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Liverpool Echo report

RARELY can a Merseyside derby have been so routine and the outcome so predictable.

No real drama, no controversy, no acrimony and no real excitement, just a realisation that the gulf that exists between Liverpool and Everton is unlikely to be bridged this season.

The Big Four is indeed still The Big Four and the “so called” prefix will have to be dropped for the time being. Everton have done well to hold on to their coat tails for as long as they have but yesterday they were left trailing behind the big boys by a Liverpool side which swatted them aside with an ease bordering on the contemptuous.

Derbies are supposed to be raucous, dramatically passionate affairs where common sense joins the form book in being lashed through the nearest window.

But such was Liverpool’s dominance of this one that it became, at times, a mundane affair in which class – not to mention the benefits of a much stronger and fresher squad – told.

Everton huffed and puffed and were allowed to have possession in positions in which they were unlikely to do any damage. But even on the few occasions when they did get players into advanced positions they found the hugely impressive duo of Martin Skrtel and Sami Hyypia totally immovable.

Contrast the ease with which Liverpool’s central defensive partnership coped with the sporadic threat of Yakubu with the way Everton’s back line were continuously stretched to breaking point by the magnificent Fernando Torres and you have the difference between the two sides in a nutshell.

Everton have several decent players and one or two who would be worthy of a place in at least one of the Big Four teams. But in the same way as Liverpool’s deficiencies are regularly exposed when they come up against Man United, so Everton’s frailties are put into sharp perspective when they are asked to take the next step up.

That step involves beating one of the big boys on their own turf and having not defeated any of the current top seven away from home under David Moyes’ stewardship, they never looked likely to change that particular record at Anfield.

Liverpool therefore took the honours, the plaudits and the bragging rights. Victory means they can breathe a bit more easily than they have been of late in their quest to secure Steven Gerrard’s minimum acceptable requirement of fourth place.

But before they get too carried away with their achievements, it would perhaps be more apt for everyone at Anfield to reflect on yesterday’s events and ask how they managed to become embroiled in a battle which they should be winning without so much discomfort.

The gap between Liverpool and Everton was there for all to see yesterday and not even the most blinkered of Blues could dispute the overwhelming superiority of Rafa Benitez’s men on the day.

And yet for much of this season the two sides have been so close to one another in the table that it would be tempting to believe that they are equals when, in actual fact, they are not.

The combination of Moyes’ ability to extract every last drop of perspiration and inspiration from what remains a fairly limited squad coupled with Liverpool’s continued under-achievement in the league has helped create a mirage that the two sides are as close together as they were in the mid-1980s. But nothing could be further from the truth.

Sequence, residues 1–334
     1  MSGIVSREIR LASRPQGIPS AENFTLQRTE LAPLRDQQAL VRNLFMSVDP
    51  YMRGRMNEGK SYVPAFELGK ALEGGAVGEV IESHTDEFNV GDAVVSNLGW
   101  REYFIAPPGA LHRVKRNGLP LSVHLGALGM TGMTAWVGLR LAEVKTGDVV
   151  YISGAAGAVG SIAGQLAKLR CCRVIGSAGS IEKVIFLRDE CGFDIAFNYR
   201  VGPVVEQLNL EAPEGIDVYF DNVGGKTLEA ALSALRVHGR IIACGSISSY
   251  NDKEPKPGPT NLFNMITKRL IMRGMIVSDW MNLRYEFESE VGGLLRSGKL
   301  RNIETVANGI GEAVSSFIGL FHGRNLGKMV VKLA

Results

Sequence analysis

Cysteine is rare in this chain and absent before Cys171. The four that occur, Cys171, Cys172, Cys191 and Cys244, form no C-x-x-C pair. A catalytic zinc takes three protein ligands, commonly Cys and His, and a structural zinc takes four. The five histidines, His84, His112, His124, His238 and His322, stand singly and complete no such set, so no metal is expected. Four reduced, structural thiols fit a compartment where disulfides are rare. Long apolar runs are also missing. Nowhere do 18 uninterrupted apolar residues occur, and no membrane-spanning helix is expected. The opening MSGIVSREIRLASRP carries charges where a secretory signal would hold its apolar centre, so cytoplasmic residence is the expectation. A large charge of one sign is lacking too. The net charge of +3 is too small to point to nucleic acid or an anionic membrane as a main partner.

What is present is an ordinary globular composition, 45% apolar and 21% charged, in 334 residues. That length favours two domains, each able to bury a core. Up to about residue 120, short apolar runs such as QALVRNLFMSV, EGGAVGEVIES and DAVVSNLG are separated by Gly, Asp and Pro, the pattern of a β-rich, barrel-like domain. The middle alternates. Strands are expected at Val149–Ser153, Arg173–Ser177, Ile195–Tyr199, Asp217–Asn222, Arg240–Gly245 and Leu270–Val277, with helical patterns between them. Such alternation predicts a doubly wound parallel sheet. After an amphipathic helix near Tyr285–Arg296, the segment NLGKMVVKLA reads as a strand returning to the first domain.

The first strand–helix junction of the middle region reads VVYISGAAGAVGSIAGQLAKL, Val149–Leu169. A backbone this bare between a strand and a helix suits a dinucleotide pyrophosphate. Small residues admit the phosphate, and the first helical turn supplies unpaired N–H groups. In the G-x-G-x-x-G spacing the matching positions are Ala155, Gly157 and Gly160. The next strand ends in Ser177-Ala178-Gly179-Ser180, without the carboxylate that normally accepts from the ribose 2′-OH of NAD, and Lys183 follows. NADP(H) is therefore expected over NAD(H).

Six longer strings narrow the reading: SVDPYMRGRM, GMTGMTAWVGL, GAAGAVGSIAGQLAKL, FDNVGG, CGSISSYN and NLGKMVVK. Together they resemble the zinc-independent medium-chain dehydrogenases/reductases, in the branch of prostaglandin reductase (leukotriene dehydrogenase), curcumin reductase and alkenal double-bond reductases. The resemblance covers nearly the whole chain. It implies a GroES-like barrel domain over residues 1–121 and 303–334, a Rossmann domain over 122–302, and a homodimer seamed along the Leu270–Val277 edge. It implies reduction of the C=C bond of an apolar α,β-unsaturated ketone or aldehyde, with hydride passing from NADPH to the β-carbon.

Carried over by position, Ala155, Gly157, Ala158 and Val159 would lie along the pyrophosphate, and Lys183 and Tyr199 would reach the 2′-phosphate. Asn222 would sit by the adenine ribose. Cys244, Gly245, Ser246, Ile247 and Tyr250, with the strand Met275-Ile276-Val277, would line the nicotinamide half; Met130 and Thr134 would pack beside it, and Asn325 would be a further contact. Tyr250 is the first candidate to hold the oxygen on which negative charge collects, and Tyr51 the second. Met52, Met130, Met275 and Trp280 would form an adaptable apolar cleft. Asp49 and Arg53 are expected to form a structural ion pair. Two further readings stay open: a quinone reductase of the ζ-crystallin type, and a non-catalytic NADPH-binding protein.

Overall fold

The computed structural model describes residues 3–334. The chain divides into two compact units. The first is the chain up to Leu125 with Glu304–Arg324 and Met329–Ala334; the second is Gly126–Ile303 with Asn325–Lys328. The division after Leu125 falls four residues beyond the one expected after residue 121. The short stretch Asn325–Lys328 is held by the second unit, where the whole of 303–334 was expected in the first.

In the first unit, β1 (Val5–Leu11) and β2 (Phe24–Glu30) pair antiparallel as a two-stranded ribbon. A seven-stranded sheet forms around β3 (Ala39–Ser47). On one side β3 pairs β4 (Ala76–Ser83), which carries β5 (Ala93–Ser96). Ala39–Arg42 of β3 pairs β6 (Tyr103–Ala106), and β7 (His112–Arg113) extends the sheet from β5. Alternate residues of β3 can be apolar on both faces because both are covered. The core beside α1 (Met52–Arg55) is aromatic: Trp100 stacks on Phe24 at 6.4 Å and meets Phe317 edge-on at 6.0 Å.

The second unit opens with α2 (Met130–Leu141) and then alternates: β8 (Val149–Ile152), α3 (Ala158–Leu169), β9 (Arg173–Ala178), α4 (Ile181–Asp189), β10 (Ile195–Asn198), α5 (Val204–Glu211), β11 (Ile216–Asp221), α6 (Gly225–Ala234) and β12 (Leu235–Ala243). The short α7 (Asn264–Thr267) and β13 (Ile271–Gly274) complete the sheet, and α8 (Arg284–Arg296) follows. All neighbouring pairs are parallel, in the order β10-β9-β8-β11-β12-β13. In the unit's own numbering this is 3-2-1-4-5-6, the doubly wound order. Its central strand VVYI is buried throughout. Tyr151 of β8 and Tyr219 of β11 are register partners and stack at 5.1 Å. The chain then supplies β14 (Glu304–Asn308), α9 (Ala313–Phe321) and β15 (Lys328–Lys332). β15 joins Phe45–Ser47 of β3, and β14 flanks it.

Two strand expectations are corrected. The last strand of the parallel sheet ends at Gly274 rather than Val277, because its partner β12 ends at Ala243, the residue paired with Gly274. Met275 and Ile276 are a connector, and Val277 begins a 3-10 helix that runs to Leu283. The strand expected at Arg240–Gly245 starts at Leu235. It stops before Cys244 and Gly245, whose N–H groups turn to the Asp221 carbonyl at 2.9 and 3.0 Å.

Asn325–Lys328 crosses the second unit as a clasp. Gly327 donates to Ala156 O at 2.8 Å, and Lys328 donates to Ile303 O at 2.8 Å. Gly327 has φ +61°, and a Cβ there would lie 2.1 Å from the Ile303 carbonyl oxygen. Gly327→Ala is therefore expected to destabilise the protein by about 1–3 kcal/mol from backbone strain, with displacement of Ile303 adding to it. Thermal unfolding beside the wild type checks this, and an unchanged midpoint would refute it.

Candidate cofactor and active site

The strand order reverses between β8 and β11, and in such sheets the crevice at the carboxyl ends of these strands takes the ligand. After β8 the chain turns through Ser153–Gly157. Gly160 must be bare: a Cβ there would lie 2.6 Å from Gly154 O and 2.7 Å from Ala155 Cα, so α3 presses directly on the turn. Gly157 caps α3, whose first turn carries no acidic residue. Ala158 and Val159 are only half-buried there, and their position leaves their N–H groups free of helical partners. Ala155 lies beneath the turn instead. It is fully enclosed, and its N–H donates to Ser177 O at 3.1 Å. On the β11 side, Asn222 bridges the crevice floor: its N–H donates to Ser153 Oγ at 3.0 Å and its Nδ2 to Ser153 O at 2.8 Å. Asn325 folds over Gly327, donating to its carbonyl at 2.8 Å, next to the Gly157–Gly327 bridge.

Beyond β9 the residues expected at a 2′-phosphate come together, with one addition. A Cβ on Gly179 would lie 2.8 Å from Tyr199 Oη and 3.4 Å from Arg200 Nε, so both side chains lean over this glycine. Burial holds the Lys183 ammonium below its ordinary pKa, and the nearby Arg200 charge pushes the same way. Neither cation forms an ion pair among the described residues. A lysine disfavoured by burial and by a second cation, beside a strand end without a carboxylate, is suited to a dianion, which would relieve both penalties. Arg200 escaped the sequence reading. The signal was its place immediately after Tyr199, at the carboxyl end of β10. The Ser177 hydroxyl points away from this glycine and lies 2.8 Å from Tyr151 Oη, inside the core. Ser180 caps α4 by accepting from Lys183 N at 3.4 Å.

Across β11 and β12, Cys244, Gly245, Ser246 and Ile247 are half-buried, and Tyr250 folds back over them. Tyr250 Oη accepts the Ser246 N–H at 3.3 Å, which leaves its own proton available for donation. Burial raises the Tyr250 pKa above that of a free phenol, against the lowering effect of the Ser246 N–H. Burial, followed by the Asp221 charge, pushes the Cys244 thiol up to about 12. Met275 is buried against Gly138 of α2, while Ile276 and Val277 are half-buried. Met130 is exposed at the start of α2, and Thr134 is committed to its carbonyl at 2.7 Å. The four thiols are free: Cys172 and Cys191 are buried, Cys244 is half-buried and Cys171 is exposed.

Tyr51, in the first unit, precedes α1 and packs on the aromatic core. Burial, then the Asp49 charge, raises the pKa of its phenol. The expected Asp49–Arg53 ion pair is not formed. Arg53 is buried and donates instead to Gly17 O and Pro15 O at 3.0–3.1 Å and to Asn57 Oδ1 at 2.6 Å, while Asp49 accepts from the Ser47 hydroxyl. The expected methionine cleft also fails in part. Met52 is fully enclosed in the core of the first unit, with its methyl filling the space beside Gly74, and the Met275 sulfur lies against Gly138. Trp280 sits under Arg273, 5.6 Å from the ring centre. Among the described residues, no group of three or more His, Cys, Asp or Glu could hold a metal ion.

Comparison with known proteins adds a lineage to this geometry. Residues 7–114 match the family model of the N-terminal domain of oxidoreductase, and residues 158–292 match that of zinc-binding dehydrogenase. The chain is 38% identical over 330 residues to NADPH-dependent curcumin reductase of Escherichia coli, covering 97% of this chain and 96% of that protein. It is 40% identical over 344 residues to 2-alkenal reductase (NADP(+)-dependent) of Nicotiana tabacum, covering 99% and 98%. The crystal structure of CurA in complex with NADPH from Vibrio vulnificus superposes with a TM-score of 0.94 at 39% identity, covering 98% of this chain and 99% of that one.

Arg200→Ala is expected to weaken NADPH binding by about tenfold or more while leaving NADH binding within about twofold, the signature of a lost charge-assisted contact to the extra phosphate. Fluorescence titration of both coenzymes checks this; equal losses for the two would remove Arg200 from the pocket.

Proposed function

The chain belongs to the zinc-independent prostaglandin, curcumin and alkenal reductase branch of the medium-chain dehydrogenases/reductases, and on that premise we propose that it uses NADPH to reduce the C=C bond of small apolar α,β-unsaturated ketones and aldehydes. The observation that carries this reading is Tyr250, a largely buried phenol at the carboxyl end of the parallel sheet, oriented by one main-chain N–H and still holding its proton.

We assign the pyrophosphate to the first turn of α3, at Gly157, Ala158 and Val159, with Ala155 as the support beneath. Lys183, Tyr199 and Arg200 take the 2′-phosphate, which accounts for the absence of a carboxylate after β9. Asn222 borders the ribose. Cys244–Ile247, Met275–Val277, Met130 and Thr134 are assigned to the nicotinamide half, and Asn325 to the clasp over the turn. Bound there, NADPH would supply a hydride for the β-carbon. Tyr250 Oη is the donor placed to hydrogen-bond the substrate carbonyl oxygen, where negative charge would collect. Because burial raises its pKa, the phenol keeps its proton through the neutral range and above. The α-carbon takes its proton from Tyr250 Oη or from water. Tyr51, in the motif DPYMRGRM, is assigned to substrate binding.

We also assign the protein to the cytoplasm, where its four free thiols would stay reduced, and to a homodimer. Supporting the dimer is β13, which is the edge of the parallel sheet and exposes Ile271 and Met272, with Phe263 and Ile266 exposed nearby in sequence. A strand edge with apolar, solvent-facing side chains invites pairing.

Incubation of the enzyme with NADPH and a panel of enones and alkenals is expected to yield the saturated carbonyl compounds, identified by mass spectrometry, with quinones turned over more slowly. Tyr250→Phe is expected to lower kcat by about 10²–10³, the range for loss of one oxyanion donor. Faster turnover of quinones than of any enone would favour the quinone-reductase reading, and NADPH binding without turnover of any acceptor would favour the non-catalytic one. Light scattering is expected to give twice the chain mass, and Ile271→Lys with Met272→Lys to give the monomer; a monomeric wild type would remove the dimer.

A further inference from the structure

Liverpool could and should have scored two or three more goals in addition to Torres’ sixth minute strike and had the scoreline reflected their dominance they would today be boasting an even healthier goal difference advantage over their Mersey rivals than they do already.

Gerrard hit the post with a wonderful volley and saw another long distance effort tipped over by Tim Howard, while Ryan Babel and Dirk Kuyt both should have done better with the opportunities that came their way.

In contrast, Everton’s only threat came when Leon Osman headed wide from a corner and when Hyypia brilliantly dispossessed Yakubu as he bore down on goal.

Pepe Reina was playing his 100th league game but not many of the previous 99 can have been as comfortable for the Spanish keeper as this one.

From the moment Yakubu was dispossessed on the edge of his own box to allow Torres to do what comes so naturally to him in a Liverpool shirt there was only going to be one winner.

Everton have only come from behind once to win a derby since World War Two and that statistic was never in any danger of needing rewriting as Liverpool took the game by the scruff of the neck from that point and never looked likely to let it go.

Even a second half malaise among the Liverpool ranks did not offer the visitors any real encouragement as the hosts simply made up for their relative lack of creativity with a level of organisation and discipline which their opponents could not replicate.

Tellingly, Liverpool always looked like they wanted the three points more as symbolised by Gerrard’s magnificent closing down and tackling of Phil Jagielka on two occasions in the first half and Kuyt’s lung busting harrying of two Everton players in the 92nd minute.

They wanted this victory and they wanted it badly. Faced with such desire, Everton were rendered almost impotent – it was as if they knew that if Liverpool matched them for effort, work rate and commitment they would be unable to compete.

And so it proved as Liverpool cantered to victory with the minimum of fuss to open up a five point gap between themselves and their rivals from across Stanley Park.

The challenge which Everton have managed to sustain for so much of this season is of great credit to everyone at Goodison Park but when they were presented with the opportunity to crash through the glass ceiling above them they were simply unable to do so.

Normal service has been resumed at Anfield. Now Liverpool have to make sure it continues.

Copyright - Liverpool Echo

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